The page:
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I Fell Into
🔥A Burning Ring of Fire🔥
Las Fallas in Valencia, Spain
Ear-splitting explosions, blazing bonfires, enormous burning effigies and packs of feral children playing with matches.
Nope, it’s not a war zone or the latest post-apocalyptic blockbuster. Welcome to Las Fallas; Valencia’s premiere party and one of the biggest, craziest festivals in all of Spain (and let’s face it, that says a lot).
Over the last six years living in Spain, I’ve overcome 3 Carnavals in Cadiz and the Canary Islands (Santa Cruz & Las Palmas), survived 3 Orgullos living in the center of Chueca in Madrid, and lived to tell the tale of countless pueblo festivals – from Celtic musicians camping in the beaches of Ortigueira to rowdy Las Ramas in Agaete.
Spain likes a good party (and what can I say, so do I) but celebrating Las Fallas is truly something extraordinary. Picture a city where thousands of people spend thousands of hours and thousands of euros to build extravagant and elaborate floats… only to blow them all up in a single night.
Las Fallas is held annually from
March 15th to 19th.
The biggest and most spectacular celebrations
happen on the final evening.
Come On Baby, Light Your Fire:
When to Book Your Trip
Valencia fills to the brim celebrating Las Fallas with Spanish revellers and international tourists alike, so you’ll need to book accommodation with plenty of advanced time. Many (most?) hotels, hostels and Airbnb’s have minimum 4 or 5 night stays during the event, and they book up fast. If you’re new to AirBnb, feel free to use my referral link and receive a €25 travel credit for your first stay!
Worse case scenario: If spontaneity leaves you waiting till the last minute with not a sofa in sight, I assure you that you won’t be the first, the last or the only free spirit using the beach as your (rather chilly) boudoir. (You can guess who learnt this the hard way my first time around 🙃).
Hot Time in the Old Town Tonight:
What to Expect at Las Fallas
Days at Las Fallas are long and LOUD. Firecrackers start early in the morning (8:00am), which under normal circumstances would be considered pretty profane in sleepy Spain, but Las Fallas is definitely the exception. The pop and bang is ‘delightfully’ accompanied by brass marching bands who parade down the streets of the city center – a not so gentle wake up call known as La Despertà.
As a heavy sleeper with a tendency to stay up late and snooze through everything, I can honestly say I was unaffected. Most would disagree. If you sleep any less solidly than a hibernating bear, invest in some earplugs and strong café.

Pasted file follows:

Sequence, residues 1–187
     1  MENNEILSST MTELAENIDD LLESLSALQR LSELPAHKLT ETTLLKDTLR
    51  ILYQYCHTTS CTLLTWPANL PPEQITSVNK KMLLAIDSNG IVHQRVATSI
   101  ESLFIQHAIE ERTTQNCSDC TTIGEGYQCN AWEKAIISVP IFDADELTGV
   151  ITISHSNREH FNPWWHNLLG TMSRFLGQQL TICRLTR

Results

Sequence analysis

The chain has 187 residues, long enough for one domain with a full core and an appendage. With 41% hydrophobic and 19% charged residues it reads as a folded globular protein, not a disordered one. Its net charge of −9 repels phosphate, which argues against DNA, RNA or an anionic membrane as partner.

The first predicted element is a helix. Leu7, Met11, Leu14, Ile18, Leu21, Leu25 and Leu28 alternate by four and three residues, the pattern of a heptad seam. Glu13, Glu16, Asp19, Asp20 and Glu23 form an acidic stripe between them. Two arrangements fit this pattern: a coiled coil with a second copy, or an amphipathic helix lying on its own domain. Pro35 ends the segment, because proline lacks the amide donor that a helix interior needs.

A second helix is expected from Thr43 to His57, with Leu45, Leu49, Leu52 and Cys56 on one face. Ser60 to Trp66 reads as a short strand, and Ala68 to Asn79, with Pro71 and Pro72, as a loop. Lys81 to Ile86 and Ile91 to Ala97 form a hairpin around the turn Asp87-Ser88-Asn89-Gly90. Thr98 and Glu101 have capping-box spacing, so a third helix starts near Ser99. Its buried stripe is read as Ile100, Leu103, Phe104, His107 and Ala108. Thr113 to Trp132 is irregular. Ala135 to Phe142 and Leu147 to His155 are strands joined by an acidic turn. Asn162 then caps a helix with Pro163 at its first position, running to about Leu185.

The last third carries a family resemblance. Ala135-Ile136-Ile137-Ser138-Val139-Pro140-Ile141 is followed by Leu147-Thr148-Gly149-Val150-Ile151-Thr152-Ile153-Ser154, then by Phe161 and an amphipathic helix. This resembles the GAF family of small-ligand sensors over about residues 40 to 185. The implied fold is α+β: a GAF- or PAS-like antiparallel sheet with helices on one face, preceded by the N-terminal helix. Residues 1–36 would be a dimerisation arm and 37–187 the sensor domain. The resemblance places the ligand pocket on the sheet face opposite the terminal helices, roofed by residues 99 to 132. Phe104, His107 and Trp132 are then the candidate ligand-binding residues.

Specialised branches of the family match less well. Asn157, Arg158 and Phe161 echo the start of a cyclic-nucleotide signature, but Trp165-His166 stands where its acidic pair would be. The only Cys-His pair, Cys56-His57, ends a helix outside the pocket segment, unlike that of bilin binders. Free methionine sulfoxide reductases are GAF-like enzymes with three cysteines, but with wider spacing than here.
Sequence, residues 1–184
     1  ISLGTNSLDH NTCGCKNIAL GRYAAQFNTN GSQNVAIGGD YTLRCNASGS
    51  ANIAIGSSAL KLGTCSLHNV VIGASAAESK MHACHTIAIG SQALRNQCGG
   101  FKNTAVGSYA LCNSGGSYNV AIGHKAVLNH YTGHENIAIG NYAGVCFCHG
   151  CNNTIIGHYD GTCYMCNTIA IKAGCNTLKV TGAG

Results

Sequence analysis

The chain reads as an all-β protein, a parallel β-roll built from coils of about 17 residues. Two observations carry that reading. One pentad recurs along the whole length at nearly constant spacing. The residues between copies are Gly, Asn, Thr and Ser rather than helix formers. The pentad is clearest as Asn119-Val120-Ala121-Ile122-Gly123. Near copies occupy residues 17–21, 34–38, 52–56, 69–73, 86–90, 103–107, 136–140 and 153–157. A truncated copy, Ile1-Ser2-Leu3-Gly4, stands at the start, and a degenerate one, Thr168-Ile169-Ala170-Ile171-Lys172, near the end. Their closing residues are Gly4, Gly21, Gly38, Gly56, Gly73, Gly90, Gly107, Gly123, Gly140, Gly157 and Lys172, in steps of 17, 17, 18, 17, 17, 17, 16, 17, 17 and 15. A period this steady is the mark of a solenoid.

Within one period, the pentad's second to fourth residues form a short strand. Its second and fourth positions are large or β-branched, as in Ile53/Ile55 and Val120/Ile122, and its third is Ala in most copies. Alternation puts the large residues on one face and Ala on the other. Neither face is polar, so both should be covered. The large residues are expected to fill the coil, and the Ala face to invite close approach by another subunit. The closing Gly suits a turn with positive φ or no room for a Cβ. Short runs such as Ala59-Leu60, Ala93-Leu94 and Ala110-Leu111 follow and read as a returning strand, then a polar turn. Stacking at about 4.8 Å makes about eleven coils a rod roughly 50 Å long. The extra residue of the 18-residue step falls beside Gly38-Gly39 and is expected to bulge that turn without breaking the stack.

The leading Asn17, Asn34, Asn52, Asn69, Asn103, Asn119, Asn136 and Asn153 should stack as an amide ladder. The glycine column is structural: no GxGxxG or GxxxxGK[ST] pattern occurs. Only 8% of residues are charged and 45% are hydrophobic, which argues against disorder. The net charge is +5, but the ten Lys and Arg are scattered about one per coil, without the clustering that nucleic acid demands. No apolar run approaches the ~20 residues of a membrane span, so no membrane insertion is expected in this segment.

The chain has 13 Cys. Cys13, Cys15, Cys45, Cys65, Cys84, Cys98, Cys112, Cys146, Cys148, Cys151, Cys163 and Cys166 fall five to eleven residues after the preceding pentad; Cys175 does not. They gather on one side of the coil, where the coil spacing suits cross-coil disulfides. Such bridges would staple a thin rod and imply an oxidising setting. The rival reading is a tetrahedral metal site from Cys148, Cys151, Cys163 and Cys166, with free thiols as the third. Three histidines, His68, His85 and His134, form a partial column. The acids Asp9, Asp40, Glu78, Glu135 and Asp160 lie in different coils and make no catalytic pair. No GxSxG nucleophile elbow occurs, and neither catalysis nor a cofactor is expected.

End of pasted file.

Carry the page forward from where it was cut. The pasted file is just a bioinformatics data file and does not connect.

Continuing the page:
Throughout the day, there’s no shortage of things to see, eat, and make your ears ring. Processions of falleras in the ornate, silk gowns traditional of the region make their way through the city like ladies of a long-forgotten court. Street stalls and chiringuitos frying up churros, buñuelos and salchichas fill the air with smells of smoke and sustenance to get you through the long days, and crowds spill out of every overflowing bar and terrace serving cold cañas and fresh paella, Valencia’s specialty.
Every afternoon at 14:00, the fireworks and firecrackers of the daily mascletà ring out from Plaza Ayuntamiento, the city’s main square.
Fireworks in the middle of the day you ask… but why?!
At Las Fallas, anything that goes BOOM, goes.
As the sun sets and the sky dims, the festivities do not. Fireworks pop & crackle each evening above the old riverbed, growing bigger and more spectacular with each passing day. Glittering lights sparkle all over the city, their florescent beams reflecting in the heavy smoke of the street stalls and firecrackers.
Turning into any given plaza may lead you toward another incredible ninot, a spontaneous dance party, a court of falleras… or all three. The music, dancing, fireworks and festivities grow increasingly later and louder as each day passes, until the culmination of la cremà or the La Nit de Foc on the final night.
Great Balls of Fire:
La Cremà🔥 Nit de Foc
(Tuesday, 19th March, 2019)
And it all builds up to this – the final night lit up with the biggest light show yet.
This year, La Cremà will take place on a Tuesday night, meaning that many merrymakers may be tempted to take off after the weekend to get back to work.